Display Settings:

Format

Send to:

Choose Destination
We are sorry, but NCBI web applications do not support your browser and may not function properly. More information
Trends Parasitol. 2009 Dec;25(12):564-72. doi: 10.1016/j.pt.2009.09.003. Epub 2009 Sep 30.

Parasitic castration: the evolution and ecology of body snatchers.

Author information

  • 1US Geological Survey Western Ecological Research Center, c/o Marine Science Institute, University of California, Santa Barbara, CA 93106, USA. klafferty@usgs.gov

Abstract

Castration is a response to the tradeoff between consumption and longevity faced by parasites. Common parasitic castrators include larval trematodes in snails, and isopod and barnacle parasites of crustaceans. The infected host (with its many unique properties) is the extended phenotype of the parasitic castrator. Because an individual parasitic castrator can usurp all the reproductive energy from a host, and that energy is limited, intra- and interspecific competition among castrators is generally intense. These parasites can be abundant and can substantially depress host density. Host populations subject to high rates of parasitic castration appear to respond by maturing more rapidly.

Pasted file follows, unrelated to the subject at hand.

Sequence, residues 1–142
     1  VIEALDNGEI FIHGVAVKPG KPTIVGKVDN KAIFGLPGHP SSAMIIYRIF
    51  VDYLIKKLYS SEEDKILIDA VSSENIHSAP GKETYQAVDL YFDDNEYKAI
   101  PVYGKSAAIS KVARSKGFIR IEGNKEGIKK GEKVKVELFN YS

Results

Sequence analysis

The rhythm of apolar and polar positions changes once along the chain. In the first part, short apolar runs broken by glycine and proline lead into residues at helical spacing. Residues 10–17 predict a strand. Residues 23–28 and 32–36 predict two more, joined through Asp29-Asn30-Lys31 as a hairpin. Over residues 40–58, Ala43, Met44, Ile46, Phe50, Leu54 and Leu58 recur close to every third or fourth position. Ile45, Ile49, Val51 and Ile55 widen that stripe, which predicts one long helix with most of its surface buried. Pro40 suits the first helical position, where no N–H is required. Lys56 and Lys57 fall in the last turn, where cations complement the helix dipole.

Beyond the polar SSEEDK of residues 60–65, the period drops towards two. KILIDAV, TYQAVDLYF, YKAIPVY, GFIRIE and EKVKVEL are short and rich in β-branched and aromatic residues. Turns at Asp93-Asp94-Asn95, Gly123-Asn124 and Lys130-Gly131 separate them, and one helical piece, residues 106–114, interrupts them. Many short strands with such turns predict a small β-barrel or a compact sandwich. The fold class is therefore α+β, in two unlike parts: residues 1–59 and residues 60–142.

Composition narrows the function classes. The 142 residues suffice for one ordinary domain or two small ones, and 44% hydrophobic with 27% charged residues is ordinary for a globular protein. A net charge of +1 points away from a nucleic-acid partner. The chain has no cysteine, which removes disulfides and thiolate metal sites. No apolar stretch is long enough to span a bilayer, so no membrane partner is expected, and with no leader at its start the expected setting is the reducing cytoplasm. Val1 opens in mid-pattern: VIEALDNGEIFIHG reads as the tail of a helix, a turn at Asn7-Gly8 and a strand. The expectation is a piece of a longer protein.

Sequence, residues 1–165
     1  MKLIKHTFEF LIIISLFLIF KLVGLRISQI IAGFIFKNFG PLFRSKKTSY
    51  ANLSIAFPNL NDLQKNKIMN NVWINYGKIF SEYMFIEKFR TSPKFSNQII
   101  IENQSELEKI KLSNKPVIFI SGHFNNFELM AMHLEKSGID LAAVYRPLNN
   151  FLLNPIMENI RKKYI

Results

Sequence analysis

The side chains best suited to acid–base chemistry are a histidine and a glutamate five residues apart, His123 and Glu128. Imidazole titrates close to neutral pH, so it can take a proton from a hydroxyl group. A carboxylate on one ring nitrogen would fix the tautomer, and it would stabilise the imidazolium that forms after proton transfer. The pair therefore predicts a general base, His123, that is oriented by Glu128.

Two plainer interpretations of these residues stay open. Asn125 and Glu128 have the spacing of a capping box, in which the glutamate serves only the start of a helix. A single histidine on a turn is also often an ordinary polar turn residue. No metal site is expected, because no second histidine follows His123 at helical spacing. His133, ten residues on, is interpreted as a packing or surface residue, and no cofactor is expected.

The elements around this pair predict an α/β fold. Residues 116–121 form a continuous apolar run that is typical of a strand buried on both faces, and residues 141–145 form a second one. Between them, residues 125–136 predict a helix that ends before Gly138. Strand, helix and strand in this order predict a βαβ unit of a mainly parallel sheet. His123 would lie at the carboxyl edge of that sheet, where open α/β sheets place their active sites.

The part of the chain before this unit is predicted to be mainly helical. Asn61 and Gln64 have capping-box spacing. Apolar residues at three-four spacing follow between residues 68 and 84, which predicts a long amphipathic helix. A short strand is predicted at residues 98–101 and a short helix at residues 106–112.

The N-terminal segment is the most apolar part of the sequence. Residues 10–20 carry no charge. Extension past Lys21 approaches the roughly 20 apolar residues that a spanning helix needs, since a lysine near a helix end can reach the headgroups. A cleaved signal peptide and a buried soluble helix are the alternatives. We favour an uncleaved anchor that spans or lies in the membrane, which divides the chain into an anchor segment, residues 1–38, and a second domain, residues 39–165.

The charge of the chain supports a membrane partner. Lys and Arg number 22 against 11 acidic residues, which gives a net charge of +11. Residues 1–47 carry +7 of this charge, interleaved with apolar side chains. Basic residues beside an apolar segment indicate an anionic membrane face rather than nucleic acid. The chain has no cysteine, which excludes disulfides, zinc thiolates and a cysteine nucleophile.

PMID:
19800291
[PubMed - indexed for MEDLINE]
PubMed Commons home

PubMed Commons

0 comments
How to join PubMed Commons

    Supplemental Content

    Icon for Elsevier Science
    Loading ...
    Write to the Help Desk